Established in Mali in 1994, Rencontres Africaines de la Photographie or Bamako Encounters is the first international festival of its kind devoted to photography from the African continent. Founded by Mali’s Ministry of Culture together with the Institut Francais the festival is dedicated to the elevation of African photographers.
The event that takes place across numerous venues within the city is the home of the Pan African exhibition, held at the Museum of Mali, and it is arguably one of the festival’s main attractions. The exhibition will showcase the work of forty artists from across the continent. This year’s photographic and video works appear under the title ‘Afrotopia’ bracing different components of African culture and heritage, in order to redefine subjects such as African bodies, sexuality and politics and is aimed atdeveloping possible futures for nations.
Marie-Ann Yemsi is the curator of the Biennale and her title selection of ‘Afrotopia’ is an invitation to the featured artists to contextualize what and who will drive the future as well as the continent’s influence on a globalised world.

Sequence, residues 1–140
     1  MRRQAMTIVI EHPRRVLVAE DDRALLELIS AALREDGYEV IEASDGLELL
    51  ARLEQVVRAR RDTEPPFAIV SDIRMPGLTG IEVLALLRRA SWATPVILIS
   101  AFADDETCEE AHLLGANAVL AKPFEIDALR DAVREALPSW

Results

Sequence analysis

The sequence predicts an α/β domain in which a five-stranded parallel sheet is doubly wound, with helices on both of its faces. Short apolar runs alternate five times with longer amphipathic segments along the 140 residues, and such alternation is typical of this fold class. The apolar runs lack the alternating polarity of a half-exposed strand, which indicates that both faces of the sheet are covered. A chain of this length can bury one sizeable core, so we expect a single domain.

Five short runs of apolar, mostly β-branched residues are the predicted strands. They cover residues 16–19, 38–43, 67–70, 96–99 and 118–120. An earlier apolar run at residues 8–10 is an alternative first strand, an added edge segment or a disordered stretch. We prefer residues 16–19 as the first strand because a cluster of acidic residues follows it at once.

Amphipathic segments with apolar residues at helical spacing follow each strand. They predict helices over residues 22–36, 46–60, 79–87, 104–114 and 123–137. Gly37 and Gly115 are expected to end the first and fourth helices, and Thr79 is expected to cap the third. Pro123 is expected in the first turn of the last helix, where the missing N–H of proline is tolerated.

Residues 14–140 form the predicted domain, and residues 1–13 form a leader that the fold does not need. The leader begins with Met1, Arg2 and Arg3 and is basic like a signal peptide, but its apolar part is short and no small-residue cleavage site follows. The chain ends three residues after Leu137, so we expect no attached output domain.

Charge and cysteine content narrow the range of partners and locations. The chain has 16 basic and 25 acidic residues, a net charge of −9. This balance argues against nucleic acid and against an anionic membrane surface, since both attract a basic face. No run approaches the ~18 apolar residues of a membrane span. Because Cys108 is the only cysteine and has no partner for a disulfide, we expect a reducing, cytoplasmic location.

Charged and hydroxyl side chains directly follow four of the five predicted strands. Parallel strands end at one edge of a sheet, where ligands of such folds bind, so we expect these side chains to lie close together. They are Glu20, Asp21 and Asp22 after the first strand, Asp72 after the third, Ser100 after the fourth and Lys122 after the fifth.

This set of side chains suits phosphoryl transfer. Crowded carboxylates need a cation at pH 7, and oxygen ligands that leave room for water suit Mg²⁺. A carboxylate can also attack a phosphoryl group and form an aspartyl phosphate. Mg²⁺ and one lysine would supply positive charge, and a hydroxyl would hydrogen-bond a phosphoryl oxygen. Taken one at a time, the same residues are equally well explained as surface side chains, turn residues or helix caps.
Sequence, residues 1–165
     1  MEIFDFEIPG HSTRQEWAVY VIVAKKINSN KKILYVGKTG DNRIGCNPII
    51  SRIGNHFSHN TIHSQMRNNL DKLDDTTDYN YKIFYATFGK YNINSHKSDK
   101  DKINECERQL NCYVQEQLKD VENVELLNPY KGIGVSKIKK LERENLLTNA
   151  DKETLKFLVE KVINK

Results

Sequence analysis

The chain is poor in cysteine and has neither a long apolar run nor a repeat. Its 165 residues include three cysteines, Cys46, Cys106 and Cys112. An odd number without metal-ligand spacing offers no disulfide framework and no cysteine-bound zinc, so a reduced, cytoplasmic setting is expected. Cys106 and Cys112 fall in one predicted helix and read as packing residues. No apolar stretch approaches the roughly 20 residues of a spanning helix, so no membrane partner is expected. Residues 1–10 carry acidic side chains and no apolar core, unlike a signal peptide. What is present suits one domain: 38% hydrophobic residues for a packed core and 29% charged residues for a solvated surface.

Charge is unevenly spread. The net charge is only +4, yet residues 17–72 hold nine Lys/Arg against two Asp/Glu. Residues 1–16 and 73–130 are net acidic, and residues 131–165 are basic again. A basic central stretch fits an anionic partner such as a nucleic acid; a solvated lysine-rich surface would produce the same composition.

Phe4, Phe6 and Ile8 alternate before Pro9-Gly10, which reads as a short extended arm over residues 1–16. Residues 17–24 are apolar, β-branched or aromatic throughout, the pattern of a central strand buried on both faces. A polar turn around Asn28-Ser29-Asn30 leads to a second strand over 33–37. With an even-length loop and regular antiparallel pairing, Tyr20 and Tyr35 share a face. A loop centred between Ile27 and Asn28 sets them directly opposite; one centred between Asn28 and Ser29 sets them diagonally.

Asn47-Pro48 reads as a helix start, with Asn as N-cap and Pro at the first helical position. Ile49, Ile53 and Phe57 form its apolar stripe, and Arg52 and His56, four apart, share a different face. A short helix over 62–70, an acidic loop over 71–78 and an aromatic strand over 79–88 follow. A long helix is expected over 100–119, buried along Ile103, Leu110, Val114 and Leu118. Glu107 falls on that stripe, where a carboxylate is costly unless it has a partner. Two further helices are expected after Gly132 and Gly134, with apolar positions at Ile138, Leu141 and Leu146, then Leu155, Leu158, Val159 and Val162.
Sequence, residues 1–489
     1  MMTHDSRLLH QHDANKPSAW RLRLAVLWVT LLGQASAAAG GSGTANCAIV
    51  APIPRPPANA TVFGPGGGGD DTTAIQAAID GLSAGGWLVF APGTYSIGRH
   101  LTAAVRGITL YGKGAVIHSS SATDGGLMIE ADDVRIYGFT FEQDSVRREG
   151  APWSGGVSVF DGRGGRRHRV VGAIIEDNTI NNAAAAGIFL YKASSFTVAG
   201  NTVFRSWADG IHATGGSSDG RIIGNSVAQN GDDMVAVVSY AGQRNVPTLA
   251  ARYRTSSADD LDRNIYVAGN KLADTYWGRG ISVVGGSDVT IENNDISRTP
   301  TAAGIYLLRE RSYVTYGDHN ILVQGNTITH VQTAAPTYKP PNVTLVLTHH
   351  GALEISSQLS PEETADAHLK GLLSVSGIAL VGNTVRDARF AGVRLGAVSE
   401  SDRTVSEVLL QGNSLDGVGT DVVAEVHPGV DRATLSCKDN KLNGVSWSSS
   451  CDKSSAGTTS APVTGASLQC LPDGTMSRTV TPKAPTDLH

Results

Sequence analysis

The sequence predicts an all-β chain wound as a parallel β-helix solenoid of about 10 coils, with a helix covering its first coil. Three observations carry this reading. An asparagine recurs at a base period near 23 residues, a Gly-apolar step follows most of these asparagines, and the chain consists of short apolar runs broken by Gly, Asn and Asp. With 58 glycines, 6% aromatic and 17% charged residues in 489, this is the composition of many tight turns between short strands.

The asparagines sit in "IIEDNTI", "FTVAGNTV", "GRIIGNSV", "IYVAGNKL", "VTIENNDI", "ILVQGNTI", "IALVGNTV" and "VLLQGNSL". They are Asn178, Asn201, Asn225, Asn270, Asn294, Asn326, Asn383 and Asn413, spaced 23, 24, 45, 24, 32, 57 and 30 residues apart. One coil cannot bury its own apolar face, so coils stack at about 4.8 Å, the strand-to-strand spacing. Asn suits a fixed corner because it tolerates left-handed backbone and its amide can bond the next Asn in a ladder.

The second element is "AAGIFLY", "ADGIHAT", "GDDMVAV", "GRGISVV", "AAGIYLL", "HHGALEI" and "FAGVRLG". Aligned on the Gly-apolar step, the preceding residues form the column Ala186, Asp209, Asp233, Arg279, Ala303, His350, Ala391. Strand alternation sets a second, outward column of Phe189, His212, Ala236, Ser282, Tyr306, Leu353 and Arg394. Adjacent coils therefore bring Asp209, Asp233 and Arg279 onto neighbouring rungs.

The African Biennale of Photography, is currently in its 11th edition of which South Africa’s very own Athi-Patra Ruga was awarded the Seydou Keïta Prize, the Grand Prize of the Rencontres de Bamako.
As the general delegate of Bamako, Samuel Sidibe expresses the festival creates great visibility for photographers from the continent contributing to the emergence of current African photography both in the professional landscape and to the general public.
Enforcing the value of questions raised by African artists on the historical and social issues that are distinct to them, Bamako acts as an advocate for the verbalisation and contemporary visualisation of these questions. Platforms such as Bamako is of vital importance and has been from its inception in 1994.
The biennale brings to light the issues that African artists are concerned and faced with emphasizing their validity. Despite all difficulties that the festival has seen like that of its 10th addition which saw Mali in a state of emergency despite having taken a four-year break, the festival prevailed and continues to elevate and honour some of the most noteworthy imagery and image makers on the African continent.
The biennale took off on the 2 December and will run to the 31 January 2018. After the festival Bamako, the Recontres will be held at the National Museum of World Cultures from April 2018.